And how are they different from linear scales?
Have you ever wondered why we use logarithmic scales to measure certain quantities? Well, let’s dive into this fascinating topic and uncover the reasons behind it.
First, let’s take a look at the difference between linear and logarithmic scales. A linear scale is what we encounter in our day-to-day lives. It follows a constant rate of increase, where each unit on the scale represents an equal increment. For example, if you have a ruler with centimetre markings, each centimetre represents the same distance.
On the other hand, a logarithmic scale expands at an increasing rate as it moves out from the starting point. In a logarithmic scale, each unit represents a multiplication (or division) by a constant factor, rather than a fixed amount. In other words, the intervals on the scale increase exponentially.
A good way to visualise this difference is to look at geometric (linear) and logarithmic spirals.
The Geometric or Arithmetic Spiral
A geometric spiral is a spiral that expands at a constant rate, like a linear scale. A geometric spiral is also known as an Archimedean Spiral, or an arithmetic spiral.
The points on the spiral move away from the centre by the same amount with each complete loop, like this:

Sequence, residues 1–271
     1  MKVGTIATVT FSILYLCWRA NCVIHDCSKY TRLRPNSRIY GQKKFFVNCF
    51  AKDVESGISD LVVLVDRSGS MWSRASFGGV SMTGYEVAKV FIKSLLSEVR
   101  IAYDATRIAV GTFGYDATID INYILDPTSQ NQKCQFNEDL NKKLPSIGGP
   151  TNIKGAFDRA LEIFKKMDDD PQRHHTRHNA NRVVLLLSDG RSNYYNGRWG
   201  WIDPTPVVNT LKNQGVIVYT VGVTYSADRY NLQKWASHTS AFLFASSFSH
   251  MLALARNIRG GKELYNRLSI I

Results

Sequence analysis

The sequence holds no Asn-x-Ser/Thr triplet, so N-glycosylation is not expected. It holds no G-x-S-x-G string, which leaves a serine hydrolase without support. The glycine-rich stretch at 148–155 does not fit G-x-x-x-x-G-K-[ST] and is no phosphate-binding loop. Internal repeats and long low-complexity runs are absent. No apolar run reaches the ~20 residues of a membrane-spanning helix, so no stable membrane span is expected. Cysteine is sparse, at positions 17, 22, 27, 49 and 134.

This pattern occurs in a roll of paper or tape of constant thickness wrapped around a cylinder.
The coils of watch balance springs and the grooves of very early gramophone records form Archimedean spirals, making the grooves evenly spaced (although variable track spacing was later introduced to maximize the amount of music that could be cut onto a record).
The Logarithmic Spiral
A logarithmic spiral is a spiral that expands at an increasing rate as it moves outward from the centre. In fact, they increase in a geometric progression, which means each loop is further from the centre than the previous one by a multiple of the previous distance.
A logarithmic spiral, or growth spiral looks like this:
The logarithmic spiral is also called the spira mirabilis, Latin for “miraculous spiral”, named that for the unique property that while the size increases with each loop, the shape of each successive loop or curve is the same. One outcome of this property is that the resolution at the lower end of the signal is expanded, and you can see into the lower-level signals more clearly than in a linear scale. In other words, the logarithmic scale allows the representation of a wide range of values in a compact and intuitive way. Nature is filled with examples of logarithmic spirals, such as nautilus shells, sunflower heads, and the arms of spiral galaxies like the Milky Way.
Given the prevalence of the logarithmic spiral in nature, it’s not surprising that a number of things we measure are best represented on a logarithmic scale.
In scientific and engineering fields logarithmic scales offer distinct advantages. For instance, the Richter scale used to measure the intensity of earthquakes is a logarithmic scale. Each increase of one unit on the Richter scale represents a ten-fold increase in the magnitude of the earthquake. Therefore, an earthquake with a magnitude of 6 is 10 times more powerful than one with a magnitude of 5, and 100 times more powerful than one with a magnitude of 4.